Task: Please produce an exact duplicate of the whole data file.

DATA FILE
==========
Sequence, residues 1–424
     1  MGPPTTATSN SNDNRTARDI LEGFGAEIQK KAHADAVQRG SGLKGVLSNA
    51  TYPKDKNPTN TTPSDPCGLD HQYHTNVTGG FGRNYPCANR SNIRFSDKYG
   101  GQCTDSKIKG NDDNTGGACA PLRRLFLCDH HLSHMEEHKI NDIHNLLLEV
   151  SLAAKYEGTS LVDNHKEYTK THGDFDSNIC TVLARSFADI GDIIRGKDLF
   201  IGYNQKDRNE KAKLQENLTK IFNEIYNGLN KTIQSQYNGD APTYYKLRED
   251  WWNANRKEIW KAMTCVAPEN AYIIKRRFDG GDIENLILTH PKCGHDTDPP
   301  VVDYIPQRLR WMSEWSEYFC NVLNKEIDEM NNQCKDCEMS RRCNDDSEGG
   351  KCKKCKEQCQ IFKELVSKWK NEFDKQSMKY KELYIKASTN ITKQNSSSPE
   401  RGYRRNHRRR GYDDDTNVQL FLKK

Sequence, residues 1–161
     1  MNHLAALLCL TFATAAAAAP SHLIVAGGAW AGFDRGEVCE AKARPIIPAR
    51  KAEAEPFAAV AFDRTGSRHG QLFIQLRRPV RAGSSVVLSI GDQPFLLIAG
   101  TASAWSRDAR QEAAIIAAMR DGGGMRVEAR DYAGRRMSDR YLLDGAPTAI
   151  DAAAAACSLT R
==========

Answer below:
Sequence, residues 1–424
     1  MGPPTTATSN SNDNRTARDI LEGFGAEIQK KAHADAVQRG SGLKGVLSNA
    51  TYPKDKNPTN TTPSDPCGLD HQYHTNVTGG FGRNYPCANR SNIRFSDKYG
   101  GQCTDSKIKG NDDNTGGACA PLRRLFLCDH HLSHMEEHKI NDIHNLLLEV
   151  SLAAKYEGTS LVDNHKEYTK THGDFDSNIC TVLARSFADI GDIIRGKDLF
   201  IGYNQKDRNE KAKLQENLTK IFNEIYNGLN KTIQSQYNGD APTYYKLRED
   251  WWNANRKEIW KAMTCVAPEN AYIIKRRFDG GDIENLILTH PKCGHDTDPP
   301  VVDYIPQRLR WMSEWSEYFC NVLNKEIDEM NNQCKDCEMS RRCNDDSEGG
   351  KCKKCKEQCQ IFKELVSKWK NEFDKQSMKY KELYIKASTN ITKQNSSSPE
   401  RGYRRNHRRR GYDDDTNVQL FLKK

Sequence, residues 1–161
     1  MNHLAALLCL TFATAAAAAP SHLIVAGGAW AGFDRGEVCE AKARPIIPAR
    51  KAEAEPFAAV AFDRTGSRHG QLFIQLRRPV RAGSSVVLSI GDQPFLLIAG
   101  TASAWSRDAR QEAAIIAAMR DGGGMRVEAR DYAGRRMSDR YLLDGAPTAI
   151  DAAAAACSLT R